Both smile and weep; fearful at plots so sad,
Then laughing at our fear; abus'd, and glad
To be abus'd; affected with that truth
Which we perceive is false, pleas'd in that ruth
At which we start, and, by elaborate play,
Tortur'd and tickl'd; by a crab-like way
Time past made pastime, and in ugly fort
Disgorging up his ravin for our sport:-
While the plebeian imp, from lofty throne,
Creates and rules a world, and works upon
Mankind by secret engines; now to move
A chilling pity, then a rigorous love;
To strike up and stroak down, both joy and ire;
To steer the affections; and by heavenly fire
Mold us anew, stoln from ourselves:--

This,- and much more, which cannot be express'd
But by himfelf, his tongue, and his own brealt,-
Was Shakespear’s freehold; which his cunning brain
Improv'd by favour of the nine-fold train;-

The bulkin'a muse, the comick queen, the grand
And louder tone of Clio, nimble hand

And

And nimbler foot of the melodious pair,
The filver-voiced lady, the most fair
Calliope, whose speaking silence daunts,
And the whose praise the heavenly body chants.

These jointly woo'd him, envying one another;
Obey'd by all as fpoufe, but lov'd as brother;--
And wrought a curious robe, of sable grave,
Fresh green, and pleasant yellow, red most brave,
And constant blue, rich purple, guiltless white,
The lowly rufset, and the scarlet bright:
Branch’d'and embroider'd like the painted spring;
Each leaf match'd with a flower, and each string
Of golden wire, each line of lik: there run
Italian works, whole thread the filters spun;
And there did fing, or seem to fing, the choice
Birds of a foreign note and various voice:
Here hangs a mofly rock; there plays a fair
But chiding fountain, purled: not the air,
Nor clouds, nor thunder, but were living drawn;
Not out of common tiffany or lawn,
But fine materials, which the mufes know,
And only know the countries where they grow.

Now, when they could no longer him enjoy,
In mortal garments pent,--death may destroy,'
They say, his body; but his verfe shall live,
And more than nature takes our hands shall give:
In a less volume, but more strongly bound,
Shakespeare shall breathe and speak; with laurel crown'd,
Which never fades; fed with ambrosial meat,
In a well-lined velture, rich, and neat:
So with this robe they cloath him, bid hin wear it;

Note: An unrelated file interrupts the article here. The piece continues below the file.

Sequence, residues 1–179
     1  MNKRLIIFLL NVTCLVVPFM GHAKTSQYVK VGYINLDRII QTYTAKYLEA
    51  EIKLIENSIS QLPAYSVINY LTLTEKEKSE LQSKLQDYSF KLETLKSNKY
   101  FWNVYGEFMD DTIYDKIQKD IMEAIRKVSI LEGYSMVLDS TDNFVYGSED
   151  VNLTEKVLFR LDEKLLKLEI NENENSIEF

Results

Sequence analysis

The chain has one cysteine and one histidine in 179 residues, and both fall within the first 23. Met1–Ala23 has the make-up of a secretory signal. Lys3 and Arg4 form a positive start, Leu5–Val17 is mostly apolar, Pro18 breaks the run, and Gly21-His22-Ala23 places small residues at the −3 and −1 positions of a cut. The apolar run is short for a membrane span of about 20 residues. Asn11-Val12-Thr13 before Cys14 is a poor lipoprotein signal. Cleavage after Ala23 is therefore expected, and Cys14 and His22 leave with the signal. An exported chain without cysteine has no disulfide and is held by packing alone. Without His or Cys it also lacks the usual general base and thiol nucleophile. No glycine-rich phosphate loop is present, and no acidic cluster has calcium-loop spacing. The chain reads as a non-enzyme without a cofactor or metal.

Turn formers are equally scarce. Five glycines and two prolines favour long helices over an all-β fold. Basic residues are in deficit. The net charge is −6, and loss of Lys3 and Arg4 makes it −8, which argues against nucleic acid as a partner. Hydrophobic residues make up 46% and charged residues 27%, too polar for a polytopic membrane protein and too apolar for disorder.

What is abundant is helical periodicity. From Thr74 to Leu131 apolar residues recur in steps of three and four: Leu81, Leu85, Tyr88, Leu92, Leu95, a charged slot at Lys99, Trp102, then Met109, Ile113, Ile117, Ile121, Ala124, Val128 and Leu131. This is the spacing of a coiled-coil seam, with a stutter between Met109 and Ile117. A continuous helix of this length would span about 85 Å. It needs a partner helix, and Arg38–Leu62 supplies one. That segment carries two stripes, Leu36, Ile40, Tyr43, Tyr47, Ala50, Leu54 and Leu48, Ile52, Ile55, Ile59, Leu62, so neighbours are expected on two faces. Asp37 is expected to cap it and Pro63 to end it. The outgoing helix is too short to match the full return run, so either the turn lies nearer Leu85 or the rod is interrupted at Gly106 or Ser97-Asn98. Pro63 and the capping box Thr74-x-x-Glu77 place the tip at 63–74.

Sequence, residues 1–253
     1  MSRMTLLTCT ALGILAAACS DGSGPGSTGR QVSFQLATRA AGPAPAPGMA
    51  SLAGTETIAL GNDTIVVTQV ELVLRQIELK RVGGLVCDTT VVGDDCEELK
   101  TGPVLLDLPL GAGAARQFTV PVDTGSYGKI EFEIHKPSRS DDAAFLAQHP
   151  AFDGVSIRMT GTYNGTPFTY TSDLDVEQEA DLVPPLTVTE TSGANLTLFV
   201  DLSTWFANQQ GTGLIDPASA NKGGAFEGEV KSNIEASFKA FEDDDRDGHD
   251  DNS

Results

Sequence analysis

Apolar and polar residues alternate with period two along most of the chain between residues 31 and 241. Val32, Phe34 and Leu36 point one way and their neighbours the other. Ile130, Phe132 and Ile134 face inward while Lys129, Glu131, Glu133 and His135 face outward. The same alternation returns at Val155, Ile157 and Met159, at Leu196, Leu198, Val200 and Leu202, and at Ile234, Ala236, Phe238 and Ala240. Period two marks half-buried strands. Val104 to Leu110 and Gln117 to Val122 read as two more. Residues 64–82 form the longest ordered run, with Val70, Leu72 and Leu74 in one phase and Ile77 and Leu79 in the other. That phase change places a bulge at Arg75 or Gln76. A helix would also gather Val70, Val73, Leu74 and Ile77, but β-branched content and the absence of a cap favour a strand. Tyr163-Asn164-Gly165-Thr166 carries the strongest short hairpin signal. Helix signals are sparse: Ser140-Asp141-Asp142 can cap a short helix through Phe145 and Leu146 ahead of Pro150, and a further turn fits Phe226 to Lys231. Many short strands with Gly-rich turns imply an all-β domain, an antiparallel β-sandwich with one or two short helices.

For time shall never staili, nor envy tear it.
The friendly Admirer of his Endowments,

J. M. S.

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Part of Shirley's Prologue to The Sisters.

4

And if you leave us too, we cannot thrive,
I'll promise neither play nor poet live
'Till ye come back; think what you do, you see
Whit audience we have, what company
To hakespeare comes, whose mirth did once beguile
Dull hours, and bulkin'd, made even forrow finile:
-TOL. I.

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So

301

So lovely were the wounds, that men would say
They could endure the bleeding a whole day.

Extract from Michael Drayton's “ Elegy to Henry Rey:

nolds, Esq. of Poets and Poesy."
Shakespear, thou hadst as sinooth a comic vein,
Fitting the fock, and in thy natural brain
As strong conception, and as clear a rage
As any one that traffick'd with the stage.

To Malter W. SHAKESPEARE,

Shakespeare, that nimble Mercury thy braine

Lulls many hundred Argus-eyes asleepe, So fit for all thou fashioncit thy vaine,

At th’horse-foot fountaine thou hast drunk full deepe, Vertue's or vice's theme to thee all one is;

Who loves chaste life, there's Lucrece for a teacher: Who lift read lust, there's Venus and Adonis,

'The modell of a moft lafcivious leacher. Befdes, in plaies thy wit winds like Mcander,

When needy new composers borrow more
Than Terence doth from Plautus or Menander:

But to praise thee aright, I want thy store.
Then let thine owne works thine owne worth upraise,
And help t'adorne thee with deserved baies.

Epigram. 92, in an ancient collection, entitled Run and a great Cajt, 4to. by Tho. I'reeman, 16:4.

An Epitaph on the admirable dramatick Poct, W. SHAKESPEARE,

What needs my Shakespeare for his honour'd bones,
The labour of an age in piled foncs;
Or that his hallow'd reliques 1hould be hid
Under a ftar-ypointing pyramid?
Dear son of memory, great heir of fam,
What need it thou fuch weak witness of thy name?
Thou, in our wonder and astonishment,
Haft built thyself a live-long monument: